In general, there’s a few main types of optimization algorithm:
- Local (quasi-newton, conjugate gradient, trust region…)
- Global heuristics (multi-start/cluster search, evolutionary algorithms, annealing…)
- Specialized for certain classes of problems (LP, QP, ILP…)
Of increasing interest in recent years has been the field of hybrid algorithms, which combine the robustness of global heuristics with the speed of local and specialized methods. For instance, the combination of evolutionary and local algorithms has been researched under the name of Memetic Algorithms.
Such algorithms are of interest in many business problems – for instance, consider the problem of optimizing profit by adjusting price. Any price lower than cost results in a profit margin of zero, whilst above that point profits are positive, increasing for a while, then decreasing and asymptoting to zero:
Making optimal decisions in this environment can be tricky, because many local searches that optimize a parameter in the area where profits are negative, will simply suggest an approach which reduces volume to zero. Therefore, we need an algorithm which can find the "profitable region" first, and then optimize within that area. A similar problem arises when trying to minimize a function which looks like this:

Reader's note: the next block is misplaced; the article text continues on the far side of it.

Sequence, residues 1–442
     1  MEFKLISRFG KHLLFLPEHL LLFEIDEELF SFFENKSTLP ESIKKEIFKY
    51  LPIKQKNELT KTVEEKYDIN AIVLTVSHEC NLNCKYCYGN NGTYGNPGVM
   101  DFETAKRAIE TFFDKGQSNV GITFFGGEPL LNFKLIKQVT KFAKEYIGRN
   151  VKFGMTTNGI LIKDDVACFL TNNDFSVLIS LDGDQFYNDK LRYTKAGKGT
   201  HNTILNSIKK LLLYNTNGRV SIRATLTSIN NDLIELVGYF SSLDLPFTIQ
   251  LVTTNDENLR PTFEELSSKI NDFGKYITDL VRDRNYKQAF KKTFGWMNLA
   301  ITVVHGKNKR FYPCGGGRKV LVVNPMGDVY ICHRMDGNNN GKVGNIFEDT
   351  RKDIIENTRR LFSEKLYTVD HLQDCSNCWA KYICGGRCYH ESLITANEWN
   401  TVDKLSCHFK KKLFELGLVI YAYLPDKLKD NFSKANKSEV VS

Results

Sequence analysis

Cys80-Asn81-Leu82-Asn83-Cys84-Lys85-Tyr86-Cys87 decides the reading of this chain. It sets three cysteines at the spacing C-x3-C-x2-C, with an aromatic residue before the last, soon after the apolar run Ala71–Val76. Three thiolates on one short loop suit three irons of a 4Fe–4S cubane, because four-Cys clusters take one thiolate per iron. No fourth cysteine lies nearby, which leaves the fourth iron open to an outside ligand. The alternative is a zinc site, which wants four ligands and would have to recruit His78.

In my testing, hybrid algorithms work very well in this situation. With the above function, Differential Evolution (DE) finds the optimum (at x==20, y==10) using around 600 function evaluations. However, using DE to simply find the "profitable region", and then using local search from there, takes around 150 evaluations. Whilst there’s no "magic bullet" to solve all optimization problems, simple hybrid algorithms may be a good choice for a range of real-world business problems.